Veeam Backup & Replication Preferred Subnet & SMB Multichannel

Introduction

In a previous blog post Veeam Backup & Replication leverages SMB Multichannel post we showed that Veeam backup & Replication leverages SMB multichannel when possible.

But what about Veeam Backup & Replication Preferred Subnet & SMB Multichannel, does that work? We mentioned that we wanted to answer the question what happens if we configure a preferred back-up network in Veeam Backup & Replication. Would this affect the operation of SMB multichannel at all? By that I means, would enabling a preferred network in Veeam prevent multichannel from using more than one NIC?

In this blog post we dive in to that question and some scenarios. We actually need to be able to deal with multiple scenarios. When you have equally capable NICs that are on different subnets you might want to make sure it uses only one. Likewise, you want both to be used whether they are or are not on the same subnet even if you set a preferred subnet in Veeam. The good news is that the nature of SMB Multichannel and how Veaam preferred networks work do allow for flexibility to achieve this. But it might not work like you would expect, unless you understand SMB Multichannel.

Veeam Backup & Replication Preferred Subnet & SMB Multichannel

For this blog post we adapt our lab networking a bit so that our non-management 10Gbps rNICs are on different subnets. We have subnet 10.10.110.0/24 for one set of NICs and 10.10.120.0/24 for the second set of NICs. This is shown in the figure below.

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These networks can live in a separate VLAN or not, that doesn’t really matter. It does matter if to have a tagged VLAN or VLANS if you want to use RDMA because you need it to have the priority set.

We now need to configure our preferred network in Veeam Backup & Replication. We go to the main menu and select Network Traffic Rules

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In the Global Network Traffic Rules window, click Networks.

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In the Preferred Networks window, select the Prefer the following networks for backup and replication traffic check box.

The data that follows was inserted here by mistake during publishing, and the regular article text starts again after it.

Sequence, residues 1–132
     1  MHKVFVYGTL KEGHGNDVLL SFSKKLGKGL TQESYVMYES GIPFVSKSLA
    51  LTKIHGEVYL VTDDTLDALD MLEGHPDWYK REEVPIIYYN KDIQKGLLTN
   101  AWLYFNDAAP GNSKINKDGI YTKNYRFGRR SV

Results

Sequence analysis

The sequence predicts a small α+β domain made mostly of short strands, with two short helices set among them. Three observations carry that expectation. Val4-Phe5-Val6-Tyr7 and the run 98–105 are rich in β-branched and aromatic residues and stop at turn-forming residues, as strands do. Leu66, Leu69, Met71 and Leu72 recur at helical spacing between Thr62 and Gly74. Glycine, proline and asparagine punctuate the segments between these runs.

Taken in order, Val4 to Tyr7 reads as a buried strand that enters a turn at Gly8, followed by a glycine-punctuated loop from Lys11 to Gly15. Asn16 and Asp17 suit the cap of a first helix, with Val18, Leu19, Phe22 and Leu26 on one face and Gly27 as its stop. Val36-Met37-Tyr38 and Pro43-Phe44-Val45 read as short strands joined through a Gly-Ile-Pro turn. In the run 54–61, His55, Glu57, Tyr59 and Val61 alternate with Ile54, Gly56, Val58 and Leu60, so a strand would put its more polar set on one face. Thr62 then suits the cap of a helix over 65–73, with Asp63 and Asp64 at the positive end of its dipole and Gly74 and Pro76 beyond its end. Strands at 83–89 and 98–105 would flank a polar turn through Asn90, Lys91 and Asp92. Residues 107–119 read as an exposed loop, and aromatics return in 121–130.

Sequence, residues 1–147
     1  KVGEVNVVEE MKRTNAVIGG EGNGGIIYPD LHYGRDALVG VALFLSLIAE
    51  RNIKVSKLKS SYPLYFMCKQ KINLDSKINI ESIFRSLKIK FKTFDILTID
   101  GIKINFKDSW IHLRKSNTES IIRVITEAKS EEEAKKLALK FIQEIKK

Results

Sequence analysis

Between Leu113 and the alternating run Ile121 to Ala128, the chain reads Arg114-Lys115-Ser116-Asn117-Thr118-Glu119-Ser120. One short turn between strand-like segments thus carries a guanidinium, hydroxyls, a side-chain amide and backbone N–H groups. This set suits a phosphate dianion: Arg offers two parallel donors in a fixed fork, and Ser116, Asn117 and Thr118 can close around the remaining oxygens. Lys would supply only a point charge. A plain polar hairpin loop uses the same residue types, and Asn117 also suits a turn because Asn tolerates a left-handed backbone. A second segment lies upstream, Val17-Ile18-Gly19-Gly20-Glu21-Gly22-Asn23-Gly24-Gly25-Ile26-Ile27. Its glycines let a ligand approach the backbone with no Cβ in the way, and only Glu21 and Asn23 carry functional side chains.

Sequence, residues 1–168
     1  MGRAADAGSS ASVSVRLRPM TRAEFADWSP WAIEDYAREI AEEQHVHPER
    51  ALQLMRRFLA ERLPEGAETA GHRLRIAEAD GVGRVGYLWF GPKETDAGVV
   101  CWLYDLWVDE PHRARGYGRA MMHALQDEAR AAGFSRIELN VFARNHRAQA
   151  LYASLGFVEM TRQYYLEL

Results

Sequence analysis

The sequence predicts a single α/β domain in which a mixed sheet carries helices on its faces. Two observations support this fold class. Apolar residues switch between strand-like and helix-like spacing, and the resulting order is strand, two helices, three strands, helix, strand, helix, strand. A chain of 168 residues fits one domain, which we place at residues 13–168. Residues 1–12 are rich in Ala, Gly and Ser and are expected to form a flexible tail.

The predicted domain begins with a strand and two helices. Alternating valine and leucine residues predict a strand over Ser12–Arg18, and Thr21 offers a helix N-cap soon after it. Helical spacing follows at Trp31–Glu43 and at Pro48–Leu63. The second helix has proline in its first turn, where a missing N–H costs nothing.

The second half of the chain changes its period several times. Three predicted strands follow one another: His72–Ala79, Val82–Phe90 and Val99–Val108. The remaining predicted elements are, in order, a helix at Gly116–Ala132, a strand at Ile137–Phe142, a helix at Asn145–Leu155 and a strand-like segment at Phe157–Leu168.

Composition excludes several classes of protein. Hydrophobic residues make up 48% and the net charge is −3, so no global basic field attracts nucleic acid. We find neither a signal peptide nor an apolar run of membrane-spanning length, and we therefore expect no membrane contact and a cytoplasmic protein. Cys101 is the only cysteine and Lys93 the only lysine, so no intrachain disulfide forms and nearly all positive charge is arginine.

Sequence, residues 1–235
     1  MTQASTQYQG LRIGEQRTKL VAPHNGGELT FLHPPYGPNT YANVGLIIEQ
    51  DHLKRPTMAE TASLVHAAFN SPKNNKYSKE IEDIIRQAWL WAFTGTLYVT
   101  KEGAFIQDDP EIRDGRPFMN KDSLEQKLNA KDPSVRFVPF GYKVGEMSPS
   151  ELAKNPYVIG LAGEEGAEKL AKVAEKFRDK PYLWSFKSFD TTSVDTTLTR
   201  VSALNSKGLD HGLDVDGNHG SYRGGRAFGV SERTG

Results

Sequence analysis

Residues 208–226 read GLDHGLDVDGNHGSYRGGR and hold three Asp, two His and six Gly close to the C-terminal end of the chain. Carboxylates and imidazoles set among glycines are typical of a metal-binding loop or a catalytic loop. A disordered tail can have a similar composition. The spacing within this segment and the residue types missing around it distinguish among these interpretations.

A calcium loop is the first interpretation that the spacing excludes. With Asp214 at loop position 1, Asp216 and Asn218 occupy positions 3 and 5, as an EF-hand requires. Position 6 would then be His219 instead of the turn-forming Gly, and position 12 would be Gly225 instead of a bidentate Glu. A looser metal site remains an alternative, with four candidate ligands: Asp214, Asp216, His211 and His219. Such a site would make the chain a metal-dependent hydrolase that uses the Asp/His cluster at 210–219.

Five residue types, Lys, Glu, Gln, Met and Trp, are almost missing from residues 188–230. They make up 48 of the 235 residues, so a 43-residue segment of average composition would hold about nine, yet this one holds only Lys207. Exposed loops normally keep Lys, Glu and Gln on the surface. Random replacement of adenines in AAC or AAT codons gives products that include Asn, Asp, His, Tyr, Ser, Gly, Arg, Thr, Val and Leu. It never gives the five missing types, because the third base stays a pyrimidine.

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Click Add. We use the CIDR notation to fill out our preferred network or you can use the network mask and click OK.

To prove a point in regards to how Multichannel works isn’t affected by what you fill out here we add only one of our two subnets here. SMB will see where it can leverage SMB multichannel and it will kick in. Veeam isn’t blocking any of its logic.

So now we kick of a backup of our Hyper-V host to our SMB hare target backup repository. We can see multichannel work just fine.

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Below is a screenshot on the backup target of the backup running over SMB multichannel, leveraging 2 subnets, while having set only one of those as the preferred network in Veeam Backup & Replication

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Look at my backup fly … and this is only one host that’s being backup (4 VMs actually). Have I told you how much I love flash storage? And why I’m so interested in getting ReFS hybrid volumes with SSD/SATA disks to work as backup target? I bet you do!

Looking good and it’s easy, right? Well not so fast!

Veeam does not control SMB Multichannel

Before you think you’re golden here and in control via Veeam lets do another demo. In the preferred network, we enter a subnet available to both the source and the target server but that is an LBFO (teamed) NIC with to 1Gbps members (RSS is enabled).

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No let’s see what happens when we kick of a backup.

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Well SMB multichannel just goes through its rules and decided to take the two best, equally capable NICs. These are still our two 10Gbps rNICs. Whatever you put in the preferred network is ignored.

This is neither good or bad but you need to be aware of this in order to arrange for backups to leverage the network path(s) you had in mind. This is to avoid surprises. The way to do that the same as you plan and design for all SMB multichannel traffic.

As stated in the previous blog post you can control what NICs SMB multichannel will use by designing around the NIC capabilities or if needed disabling or enabling some of these or by disabling SMB multichannel on a NIC. This isn’t always possible or can lead to issues for other workloads so the easiest way to go is using SMB Multichannel Constraints. Do note however that you need to take into consideration what other workloads on your server leverage SMB Multichannel when you go that route to avoid possible issues.